Looking back through history at bubbles and their subsequent bursting, it always seems so obvious after the event. After all, the signs are always there, but we as investors can sometimes have a difficult job of successfully interpreting them in advance so as to avoid a possible crash.
Take, for example, the UK residential property market. For many people, it feels like a one-way bet. An investment without any risk and which offers superb long term returns. And, while the reality is very, very different, people can hardly be blamed for thinking that buying an investment property is a great idea right now. After all, prices have risen for the last twenty years (credit crunch aside) and have turned a huge number of people into paper millionaires.
Why wouldn’t you want to get involved in such a market?
The problem, though, is that the UK property market is all set to disappoint over the medium to long term. Certainly, its past has been incredibly lucrative for many buy-to-let investors but, realistically, the game appears to be well and truly over.
A key reason for this is a tightening of monetary policy or, in other words, rising interest rates. While property investors have enjoyed a boom from historically low rates of just 0.5% for a handful of years, from 2016 onwards interest rates are set to head northwards. Certainly, many buy-to-let investors may argue that even if rates reach 2% or 3% within even a couple of years, mortgages will still be affordable, demand for houses will remain buoyant and house prices will keep going up.
However, the real change with interest rates will not be with regard to their level, but rather in the shift in mind-set that will take place once they start to rise. In other words, potential buyers will begin to factor in a higher rate once their fixed term ends and, as such, are likely to become far more cautious than they are at present. As such, they will question whether their potential purchase offers value for money and may decide to rent until houses become more affordable.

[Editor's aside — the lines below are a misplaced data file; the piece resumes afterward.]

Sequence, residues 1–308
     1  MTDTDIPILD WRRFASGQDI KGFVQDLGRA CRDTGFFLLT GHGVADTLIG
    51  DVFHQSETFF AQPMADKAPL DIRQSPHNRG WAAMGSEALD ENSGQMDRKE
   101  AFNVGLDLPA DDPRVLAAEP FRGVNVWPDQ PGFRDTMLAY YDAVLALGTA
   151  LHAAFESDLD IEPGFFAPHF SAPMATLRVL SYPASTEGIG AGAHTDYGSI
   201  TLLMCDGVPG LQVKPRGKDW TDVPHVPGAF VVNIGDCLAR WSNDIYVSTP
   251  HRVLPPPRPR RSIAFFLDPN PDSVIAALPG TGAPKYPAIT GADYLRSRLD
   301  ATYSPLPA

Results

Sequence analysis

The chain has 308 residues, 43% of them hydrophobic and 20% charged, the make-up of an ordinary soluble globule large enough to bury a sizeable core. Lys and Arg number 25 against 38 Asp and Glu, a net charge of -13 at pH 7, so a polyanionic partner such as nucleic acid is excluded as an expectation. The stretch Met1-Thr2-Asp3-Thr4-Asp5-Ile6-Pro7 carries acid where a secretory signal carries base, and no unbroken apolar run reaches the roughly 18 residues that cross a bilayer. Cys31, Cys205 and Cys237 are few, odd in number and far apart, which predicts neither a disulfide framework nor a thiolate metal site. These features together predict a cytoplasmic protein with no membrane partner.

And, while foreign buyers have been attracted by a weak sterling in years gone by, rising interest rates will strengthen the pound and make buying prime London property a lot less appealing, thereby reducing demand even further.
Another key reason why buy-to-let is a bad idea is affordability or, more accurately, a lack of it. For example, since 1983 the Halifax house price index has compared house prices to earnings. In that time there have been two corrections in the housing market: the first in the late 1980s and the second in the late noughties. On those two occasions, the house price to earnings ratio peaked at 4.99 and 5.86 in the UK. Today, the ratio stands at 5.26.
However, this includes regions where house prices have not really recovered since the credit crunch (or have certainly risen at a far slower pace than in the south east of England). As such, the figures are skewed downwards. Focusing solely on Greater London, things look much, much worse for buy-to-let investors. In fact, in the late 80s and late 00s (i.e. just before corrections), the house price to earnings ratio stood at 6.12 and 6.41 respectively. Today, the figure is a whopping 7.84, which is by far and away the highest figure on record.
A further reason why buying a residential property as an investment is a bad idea is changes to taxation. As announced in the Chancellor’s recent budget, landlords will no longer be able to deduct mortgage interest payments from their tax bill. This could mean that landlords end up paying tax even though they have made a loss – especially as interest rates rise and their mortgage rate heads northwards.
For example, at the present time a landlord may receive £1,000 per month in rent, pay £500 in interest costs and have to pay tax on the remaining £500. However, if interest rates treble and his/her interest costs rise to £1,500 then tax will be payable on £1,000 – even though the landlord has made a £500 loss. And, even if interest rates do not rise, profit margins for landlords will in any case be reduced substantially and could push many of them into the red.
Of course, a key feature of bubbles is that they tend to last for longer than expected but, when they burst, lead to a price fall that is a lot faster than anticipated. House prices may continue to perform well in the short run but, in a decade’s time, hindsight may point out that it was so, so obvious at the time.
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